Proper 11, Year C
Keep It Together
Has anyone ever told you—maybe not in so many words—to “keep it together”? Or maybe, to “pull yourself together.” Or maybe, to “get it together.” Words along the lines of “Keep it together” are just part of our cultural vocabulary. Sometimes, they’re said explicitly by people in our lives—parents, coaches, colleagues, bosses, or friends. Sometimes, no one directly tells us to “keep it together,” but the message is implied by the expectations that shape us, by the demeanors that surround us, and by the routines that structure our lives day-in and day-out. All of these things tell us, with or without words, that we’d better keep it together.
And sometimes, the command to “keep it together” is part of our own self-talk as we go about the tasks of daily living and face the many things that just might throw us off balance, or pull us apart: Whatever you do, whatever happens, just “keep it together.”
But our second reading this morning, from the letter to the Colossians, has something very different to tell us. Instead of encouraging us to keep it together, the Scripture tells us that holding everything together isn’t our job, but Christ’s. As we just heard, “He himself is before all things, and in him all things hold together.”
These words are just one verse of what is probably an early Christian hymn about Christ. It’s based on passages from other Biblical and apocryphal texts that were written about Wisdom, long before Christ became incarnate in the person of Jesus. The hymn declares Jesus to be the person who contains God’s fullness, and to be one and the same with the wisdom through which all things have been created. Also, everything that seems to have power—whether visible or invisible—was created not to dominate other creatures but to serve Christ and his intentions.
This hymn is jam-packed with descriptions, titles, and affirmations about Christ. He is “the image of the invisible God”; “the firstborn of all creation”; “the head of the body, the church”; “the firstborn from the dead.” That “firstborn of all creation” one can be a little misleading: it’s not that Christ was the first creature, but rather that he’s the source of all creation. The phrase “firstborn from the dead” shows us that the resurrection of Christ is just the beginning of a new life on the horizon. All of these affirmations remind us that Christ is so far beyond all those constraints of space and time and earthly power that structure and contain us. So, when we just can’t keep it together, there’s something much larger there to hold together all the pieces.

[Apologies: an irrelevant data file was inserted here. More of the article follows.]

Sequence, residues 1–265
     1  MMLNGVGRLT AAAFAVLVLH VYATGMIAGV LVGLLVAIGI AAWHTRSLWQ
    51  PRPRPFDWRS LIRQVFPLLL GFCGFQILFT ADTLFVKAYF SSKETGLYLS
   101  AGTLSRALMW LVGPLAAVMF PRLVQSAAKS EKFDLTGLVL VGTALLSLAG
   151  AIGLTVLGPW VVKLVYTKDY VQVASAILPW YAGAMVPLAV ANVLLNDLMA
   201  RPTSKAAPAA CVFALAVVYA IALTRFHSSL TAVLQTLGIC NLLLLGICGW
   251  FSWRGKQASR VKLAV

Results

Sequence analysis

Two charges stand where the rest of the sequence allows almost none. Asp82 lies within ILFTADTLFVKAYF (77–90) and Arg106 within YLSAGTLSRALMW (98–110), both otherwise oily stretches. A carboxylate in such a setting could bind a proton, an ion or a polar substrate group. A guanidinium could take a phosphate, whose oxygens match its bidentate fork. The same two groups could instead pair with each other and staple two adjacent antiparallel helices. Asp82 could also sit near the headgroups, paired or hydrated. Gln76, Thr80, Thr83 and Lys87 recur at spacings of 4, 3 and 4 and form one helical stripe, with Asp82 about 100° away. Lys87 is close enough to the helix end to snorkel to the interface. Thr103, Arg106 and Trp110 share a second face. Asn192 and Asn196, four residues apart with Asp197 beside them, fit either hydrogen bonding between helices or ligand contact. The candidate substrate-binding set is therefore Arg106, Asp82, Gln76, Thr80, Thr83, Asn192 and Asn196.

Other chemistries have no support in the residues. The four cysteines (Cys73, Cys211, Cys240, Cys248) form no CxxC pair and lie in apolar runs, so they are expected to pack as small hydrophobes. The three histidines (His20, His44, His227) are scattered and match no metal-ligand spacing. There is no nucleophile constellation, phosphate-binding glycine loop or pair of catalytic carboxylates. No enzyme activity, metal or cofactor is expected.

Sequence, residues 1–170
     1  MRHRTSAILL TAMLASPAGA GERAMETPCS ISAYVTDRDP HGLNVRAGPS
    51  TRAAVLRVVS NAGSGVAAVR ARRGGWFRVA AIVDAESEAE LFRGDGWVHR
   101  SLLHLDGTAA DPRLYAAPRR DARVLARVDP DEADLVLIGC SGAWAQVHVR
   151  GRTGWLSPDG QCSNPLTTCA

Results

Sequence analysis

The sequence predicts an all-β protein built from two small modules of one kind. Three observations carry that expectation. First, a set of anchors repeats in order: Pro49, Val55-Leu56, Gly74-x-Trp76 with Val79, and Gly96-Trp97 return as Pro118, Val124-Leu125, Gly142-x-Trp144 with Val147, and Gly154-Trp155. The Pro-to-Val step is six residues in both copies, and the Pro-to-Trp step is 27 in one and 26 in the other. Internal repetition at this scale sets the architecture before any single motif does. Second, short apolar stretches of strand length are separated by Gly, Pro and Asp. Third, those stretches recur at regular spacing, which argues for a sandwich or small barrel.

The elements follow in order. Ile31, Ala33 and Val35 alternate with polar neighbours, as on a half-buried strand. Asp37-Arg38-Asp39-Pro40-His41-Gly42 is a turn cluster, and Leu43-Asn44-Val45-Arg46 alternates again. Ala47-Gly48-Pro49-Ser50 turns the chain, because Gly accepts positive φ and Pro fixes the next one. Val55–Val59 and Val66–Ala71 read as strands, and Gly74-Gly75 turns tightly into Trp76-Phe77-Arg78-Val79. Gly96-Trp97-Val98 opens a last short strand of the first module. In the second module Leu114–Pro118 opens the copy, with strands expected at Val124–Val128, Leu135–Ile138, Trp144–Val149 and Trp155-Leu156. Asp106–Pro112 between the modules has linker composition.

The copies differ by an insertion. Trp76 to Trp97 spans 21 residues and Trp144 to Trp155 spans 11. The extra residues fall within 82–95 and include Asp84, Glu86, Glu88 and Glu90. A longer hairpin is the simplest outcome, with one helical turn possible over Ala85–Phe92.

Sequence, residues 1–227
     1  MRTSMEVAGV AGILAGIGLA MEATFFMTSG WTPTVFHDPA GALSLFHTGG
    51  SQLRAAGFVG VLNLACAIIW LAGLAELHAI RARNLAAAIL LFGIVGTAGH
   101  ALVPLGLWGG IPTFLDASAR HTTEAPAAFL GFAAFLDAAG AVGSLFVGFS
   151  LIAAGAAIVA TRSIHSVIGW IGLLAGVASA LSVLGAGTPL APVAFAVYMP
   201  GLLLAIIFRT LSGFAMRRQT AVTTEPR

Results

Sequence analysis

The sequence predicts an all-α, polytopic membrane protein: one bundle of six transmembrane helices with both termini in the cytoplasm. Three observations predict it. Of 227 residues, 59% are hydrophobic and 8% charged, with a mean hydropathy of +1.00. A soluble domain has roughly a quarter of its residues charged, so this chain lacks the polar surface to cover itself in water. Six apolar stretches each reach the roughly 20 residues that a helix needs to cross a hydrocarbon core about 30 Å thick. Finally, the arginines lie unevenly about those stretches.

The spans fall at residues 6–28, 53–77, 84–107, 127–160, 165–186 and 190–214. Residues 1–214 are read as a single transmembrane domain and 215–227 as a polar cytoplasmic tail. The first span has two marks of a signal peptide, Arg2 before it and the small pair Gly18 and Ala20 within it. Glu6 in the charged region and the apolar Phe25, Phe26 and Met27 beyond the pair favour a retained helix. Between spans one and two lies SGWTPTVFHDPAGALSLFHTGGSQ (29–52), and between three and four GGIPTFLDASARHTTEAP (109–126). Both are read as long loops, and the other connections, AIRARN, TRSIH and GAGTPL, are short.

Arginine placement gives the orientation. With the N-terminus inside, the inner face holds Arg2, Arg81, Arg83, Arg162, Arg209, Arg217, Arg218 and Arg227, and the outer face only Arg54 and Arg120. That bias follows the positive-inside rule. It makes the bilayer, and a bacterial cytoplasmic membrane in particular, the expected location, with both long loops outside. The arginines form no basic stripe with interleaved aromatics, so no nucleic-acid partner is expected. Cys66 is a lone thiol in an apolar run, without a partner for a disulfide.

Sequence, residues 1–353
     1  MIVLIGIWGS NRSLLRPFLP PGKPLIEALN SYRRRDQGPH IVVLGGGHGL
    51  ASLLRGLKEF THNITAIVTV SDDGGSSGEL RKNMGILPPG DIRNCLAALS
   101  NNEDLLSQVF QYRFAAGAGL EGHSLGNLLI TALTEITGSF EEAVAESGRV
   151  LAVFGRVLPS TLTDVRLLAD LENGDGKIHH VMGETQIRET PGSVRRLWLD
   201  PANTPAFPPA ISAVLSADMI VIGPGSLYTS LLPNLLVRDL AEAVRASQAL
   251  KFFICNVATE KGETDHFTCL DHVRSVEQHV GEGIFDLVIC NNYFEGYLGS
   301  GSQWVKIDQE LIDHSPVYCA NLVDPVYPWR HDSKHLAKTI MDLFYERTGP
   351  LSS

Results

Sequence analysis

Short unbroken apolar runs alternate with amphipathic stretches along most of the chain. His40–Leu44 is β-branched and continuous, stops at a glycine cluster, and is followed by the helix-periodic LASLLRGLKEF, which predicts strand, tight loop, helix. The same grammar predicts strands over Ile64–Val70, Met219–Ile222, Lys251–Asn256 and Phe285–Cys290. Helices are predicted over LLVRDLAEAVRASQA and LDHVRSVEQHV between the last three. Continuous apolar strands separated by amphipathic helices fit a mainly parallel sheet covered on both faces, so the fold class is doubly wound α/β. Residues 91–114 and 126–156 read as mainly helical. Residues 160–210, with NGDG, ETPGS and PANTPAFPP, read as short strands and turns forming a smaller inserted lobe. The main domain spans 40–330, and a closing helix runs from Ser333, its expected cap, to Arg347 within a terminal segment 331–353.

When the world tells us—or when we tell ourselves—to keep it together, we might be able to pull it off for a while. We might be able to keep on top of our lives and responsibilities with our organizational tool of choice, or with a strong ethic of hard and constant work. We might be able to “keep it together” by mastering our emotions, not allowing grief or anger to derail us.
But the truth is that things are coming apart all around us and within us, including life plans and self-understandings; families and personal relationships; alliances and treaties. Many of us live with a deep sense felt by many people that the world is falling apart, that we can’t keep it together.
And that much is true: We can’t keep it together. Keeping it together isn’t something we can do by force or by will. As Christians, we don’t always know how best manage our lives, care for our emotional and mental health, or resolve violence and injustice. We don’t even know how to keep our churches together! But we do know this: in Christ all things hold together. Because there’s nothing else holding this church—Grace church—together but Christ himself.
I can’t unpack completely the mystery of how all things hold together in Christ. Yes, this mystery means that Christ is the source of wisdom who precedes and runs through all of creation. And yes, it means that Christ is a higher authority than all the thrones or dominions or rulers or powers that try to score victories in this world. And it means that God dwells in Christ in a way that God dwells in no one else. And it means that Christ is actively drawing all things to himself by offering reconciliation, peace, and an end to cycles of bloodshed.
But the mystery of all things holding together in Christ isn’t just a mystery to be understood, but a mystery to be experienced. In our gospel today, Mary seeks out the experience of allowing Christ to hold all things together. While her sister Martha is distracted by many things, and then resentful that no one will help her with her work of pulling off some hospitality, Mary focuses on just one thing: sitting in the presence of Jesus. Perhaps Mary grasped the very mystery described in Colossians. Perhaps she knew that she could either by pulled in all directions by the world, or focus on Christ and let him hold everything together.
When I imagine Martha getting all worked up, part of me wants to say, “Keep it together, Martha.” But if I were to say that, I’d just be part of the problem. The point of life in Christ isn’t that we keep it together, pull it together, get it together. The point is that we let all things hold together in Christ. And the best way to do that may simply be to fall at his feet.